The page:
Honoring the True Gift of Christmas: A Luke 2 Tradition


Giving gifts to family and friends during the Christmas season is a tradition followed by most people, regardless of their beliefs. Although the Wise Men figure prominently as historical gift givers, it is God who “so loved the world that he gave” the Gift of Christmas - Jesus. This tiny baby, God’s own Son, came to our world bringing hope and salvation to all who would believe. It is this amazing love that inspires us to give gifts to each other out of gratitude and joy.

When I married my husband David, I was introduced to his wonderful family tradition for opening gifts at Christmastime. It included reciting the Christmas story from Luke 2 prior to opening presents, bringing focus to Jesus as God’s gift to the world. I loved how this practice created a pause for gratitude and reflection, which added rich meaning to our time of gift giving.


As our family grew, we continued to read Luke 2:1-20 and sing a few Christmas carols before our gift opening each Christmas. Students or friends whose homes were too far for travel were often invited to join us. If they were not people of faith, I often wondered if they minded sitting and listening - or if our practice made them feel left out.

When our children grew up and began bringing home special friends, I wondered how it might look to include everyone in this tradition in a way that would be comfortable for all and help them feel part of the family. We needed to have something on hand that would help us point to Jesus and enable each person to participate - something that would be a visual reminder for keeping the tradition, a “hands-on” faith tool for all ages, and a treasured memory for our children and grandchildren. In thinking about what it would sound like, what if each verse from Luke 2:1-20 could be typed up separately so that the voices of all - young and old, family and friend, faithful or seeking - could be heard proclaiming the precious account of Jesus’ birth to each other?

Honoring the True Gift of Christmas: A Luke 2 Tradition

These are the supplies you will need - making this project simple and affordable !

These are the supplies you will need - making this project simple and affordable !

The project involves making a series of hole-punched cards that can be organized onto an “O” ring and then handed out for reading. An inexpensive white 4 x 6 index card is used as the base; old Christmas cards and scrapbook paper are cut to size to decorate the front and back and affixed with double-sided tape. (You can also use a glue stick.) You could omit the index card, however, it adds a nice sturdiness to the cards.

The verses, words of explanation, and prayer are printed out and then torn or cut out to add to each card. Tearing around the words creates a vintage effect and is fun for children. A bit of distress ink dabbed around the edges adds visual appeal, or you might add a thin line of gold gelato and blend with a sponge (pictured). Punch a hole in the upper left-hand corner of the card, assemble on an “O” ring, and add some yarn and ribbon embellishment if desired.


For the cover, choose a card that takes your breath away (because then you will see it every year!) I loved the rich hues of this image and added ribbons and yarn in similar colors.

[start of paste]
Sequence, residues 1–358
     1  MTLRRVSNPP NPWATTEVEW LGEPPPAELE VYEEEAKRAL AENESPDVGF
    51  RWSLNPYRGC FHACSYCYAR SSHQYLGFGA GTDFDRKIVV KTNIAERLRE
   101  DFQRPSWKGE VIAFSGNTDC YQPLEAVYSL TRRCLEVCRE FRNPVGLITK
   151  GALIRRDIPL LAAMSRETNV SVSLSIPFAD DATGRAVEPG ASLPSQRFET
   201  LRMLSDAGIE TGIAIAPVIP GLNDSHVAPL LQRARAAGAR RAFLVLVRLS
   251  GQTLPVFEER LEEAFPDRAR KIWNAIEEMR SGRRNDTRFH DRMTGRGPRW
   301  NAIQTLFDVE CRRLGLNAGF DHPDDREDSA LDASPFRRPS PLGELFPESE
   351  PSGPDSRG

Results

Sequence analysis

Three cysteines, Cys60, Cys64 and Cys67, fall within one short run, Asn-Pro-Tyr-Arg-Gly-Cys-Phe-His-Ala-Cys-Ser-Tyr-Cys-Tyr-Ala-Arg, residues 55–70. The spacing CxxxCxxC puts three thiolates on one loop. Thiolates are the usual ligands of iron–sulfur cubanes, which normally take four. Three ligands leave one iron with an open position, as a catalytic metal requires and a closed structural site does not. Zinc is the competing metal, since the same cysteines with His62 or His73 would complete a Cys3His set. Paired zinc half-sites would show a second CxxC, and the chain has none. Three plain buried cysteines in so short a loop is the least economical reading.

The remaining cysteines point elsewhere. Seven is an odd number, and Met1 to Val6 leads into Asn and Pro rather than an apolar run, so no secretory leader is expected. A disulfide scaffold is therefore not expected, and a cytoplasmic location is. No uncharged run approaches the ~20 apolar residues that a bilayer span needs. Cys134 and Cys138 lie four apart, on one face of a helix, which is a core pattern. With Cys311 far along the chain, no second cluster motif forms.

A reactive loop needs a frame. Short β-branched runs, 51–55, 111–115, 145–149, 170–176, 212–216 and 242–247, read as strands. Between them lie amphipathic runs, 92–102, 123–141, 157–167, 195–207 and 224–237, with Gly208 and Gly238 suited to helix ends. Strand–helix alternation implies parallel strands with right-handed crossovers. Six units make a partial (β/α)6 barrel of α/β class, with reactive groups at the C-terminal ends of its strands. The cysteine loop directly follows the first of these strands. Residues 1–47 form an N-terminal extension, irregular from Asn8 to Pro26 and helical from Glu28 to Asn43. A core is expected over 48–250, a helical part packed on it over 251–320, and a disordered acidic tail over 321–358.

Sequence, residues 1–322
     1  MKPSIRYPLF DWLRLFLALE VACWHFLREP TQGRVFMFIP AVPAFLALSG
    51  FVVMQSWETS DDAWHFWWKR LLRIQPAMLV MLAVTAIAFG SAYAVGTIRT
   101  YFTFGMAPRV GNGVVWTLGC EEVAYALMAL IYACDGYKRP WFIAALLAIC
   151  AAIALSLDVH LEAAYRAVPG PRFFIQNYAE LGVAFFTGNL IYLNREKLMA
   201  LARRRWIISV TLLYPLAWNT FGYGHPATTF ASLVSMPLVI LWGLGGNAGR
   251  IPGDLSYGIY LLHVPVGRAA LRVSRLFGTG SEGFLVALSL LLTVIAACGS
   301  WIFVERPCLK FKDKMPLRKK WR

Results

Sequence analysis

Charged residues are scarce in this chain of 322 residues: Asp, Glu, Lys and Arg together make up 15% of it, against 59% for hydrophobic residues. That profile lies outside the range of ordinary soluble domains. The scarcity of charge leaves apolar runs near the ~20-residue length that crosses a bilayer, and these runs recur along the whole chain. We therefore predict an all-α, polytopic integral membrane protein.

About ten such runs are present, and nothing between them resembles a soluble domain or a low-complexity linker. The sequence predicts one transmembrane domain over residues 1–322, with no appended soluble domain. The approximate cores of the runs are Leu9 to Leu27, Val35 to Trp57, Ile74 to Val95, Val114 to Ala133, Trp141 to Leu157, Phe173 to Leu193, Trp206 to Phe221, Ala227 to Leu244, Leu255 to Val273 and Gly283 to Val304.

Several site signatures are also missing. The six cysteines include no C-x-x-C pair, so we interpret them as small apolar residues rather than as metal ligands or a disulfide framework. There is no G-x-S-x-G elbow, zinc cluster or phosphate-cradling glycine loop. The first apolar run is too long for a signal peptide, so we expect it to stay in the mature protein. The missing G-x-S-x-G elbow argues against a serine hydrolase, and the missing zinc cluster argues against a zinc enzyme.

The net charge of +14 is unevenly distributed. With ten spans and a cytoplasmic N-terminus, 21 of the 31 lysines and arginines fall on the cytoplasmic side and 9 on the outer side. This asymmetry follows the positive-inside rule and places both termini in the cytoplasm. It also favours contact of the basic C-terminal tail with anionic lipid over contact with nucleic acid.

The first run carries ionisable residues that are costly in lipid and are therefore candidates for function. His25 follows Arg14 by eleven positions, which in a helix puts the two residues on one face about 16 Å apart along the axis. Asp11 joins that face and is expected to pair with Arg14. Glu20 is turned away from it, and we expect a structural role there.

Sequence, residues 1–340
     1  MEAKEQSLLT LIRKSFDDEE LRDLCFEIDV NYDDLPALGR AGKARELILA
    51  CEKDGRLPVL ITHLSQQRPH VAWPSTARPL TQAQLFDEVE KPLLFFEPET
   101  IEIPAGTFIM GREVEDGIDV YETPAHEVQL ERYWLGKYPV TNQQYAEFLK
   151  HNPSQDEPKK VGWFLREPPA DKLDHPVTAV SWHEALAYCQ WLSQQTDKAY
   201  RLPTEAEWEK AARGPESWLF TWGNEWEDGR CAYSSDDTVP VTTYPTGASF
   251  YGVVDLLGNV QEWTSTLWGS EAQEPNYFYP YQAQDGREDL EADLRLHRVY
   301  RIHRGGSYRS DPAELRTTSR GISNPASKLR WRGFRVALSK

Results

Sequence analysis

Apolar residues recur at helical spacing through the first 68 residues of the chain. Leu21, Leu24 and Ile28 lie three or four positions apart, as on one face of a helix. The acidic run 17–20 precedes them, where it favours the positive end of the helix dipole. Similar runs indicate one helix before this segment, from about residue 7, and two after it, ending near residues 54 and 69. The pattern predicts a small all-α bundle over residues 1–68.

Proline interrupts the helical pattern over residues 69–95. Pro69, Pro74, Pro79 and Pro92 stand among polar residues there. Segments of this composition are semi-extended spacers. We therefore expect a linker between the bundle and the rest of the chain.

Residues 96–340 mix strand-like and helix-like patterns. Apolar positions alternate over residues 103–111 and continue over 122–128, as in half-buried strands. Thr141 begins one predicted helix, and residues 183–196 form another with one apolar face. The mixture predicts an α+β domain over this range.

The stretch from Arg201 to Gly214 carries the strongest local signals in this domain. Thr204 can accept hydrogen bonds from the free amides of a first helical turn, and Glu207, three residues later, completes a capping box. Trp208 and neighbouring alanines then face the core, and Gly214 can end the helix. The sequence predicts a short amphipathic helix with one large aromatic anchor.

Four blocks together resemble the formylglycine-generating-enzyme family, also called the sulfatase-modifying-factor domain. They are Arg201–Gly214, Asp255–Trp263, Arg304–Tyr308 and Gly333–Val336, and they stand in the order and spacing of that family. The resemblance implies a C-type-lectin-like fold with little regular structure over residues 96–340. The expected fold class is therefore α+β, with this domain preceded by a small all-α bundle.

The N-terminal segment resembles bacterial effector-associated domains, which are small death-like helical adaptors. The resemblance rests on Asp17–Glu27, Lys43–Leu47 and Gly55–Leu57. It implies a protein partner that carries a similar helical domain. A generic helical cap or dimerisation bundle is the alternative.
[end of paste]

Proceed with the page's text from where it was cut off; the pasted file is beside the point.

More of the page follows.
Some explanation and words to bring focus….

Some explanation and words to bring focus….

Scrapbook paper adds visual appeal to the back of each card. The explanation and optional idea for carol singing fit well on the back of the cover. The second card provides words to share prior to the reading of the Christmas story - words to reflect on and call hearts to focus on the Christ Child. This is not meant to be scripted - a family leader may choose their own words - but for those who are not sure or who are new to the faith this may provide needed support.


More words describing God’s Gift may be added to the back of the focus card - these are especially appropriate for an older crowd. As the years pass, you might add an extra card or two with your own reflections or meaningful words from a Christmas devotion.


Each verse from Luke 2 is on it’s own card. It works well to gather everyone in a circle around the room and then pass out the cards - this will make it easier for the reading. If your group is small, verses card can be divided up between everyone; a small child might want to participate on cue with special words like “Fear not!” or “Glory to God in the highest.”


Large verse numbers are provided for the back of each card to make it easier to put back in order afterwards. (It might also be a fun job to give the kids later on!)


As you choose a card for each verse, may it be an enjoyable task to find an image to reflect the text. In the weeks before Christmas, you might find time to flip through the cards with your children - ask which one is their favorite or talk about how the words connect with what they see.

It’s these processes of taking time, of slowing down, of hearing and seeing, and repetition that will help hide the Word in little hearts.


The project text is sized to fit vertically on the card -- but the verses will all fit horizontal orientation as well. It’s really up to YOU how you want to put it all together!


And finally, a closing prayer.


“Thanks be to God for His indescribable gift!” - 2 Corinthians 9:15

Download instructions and text for this project here:


~ Pat Maier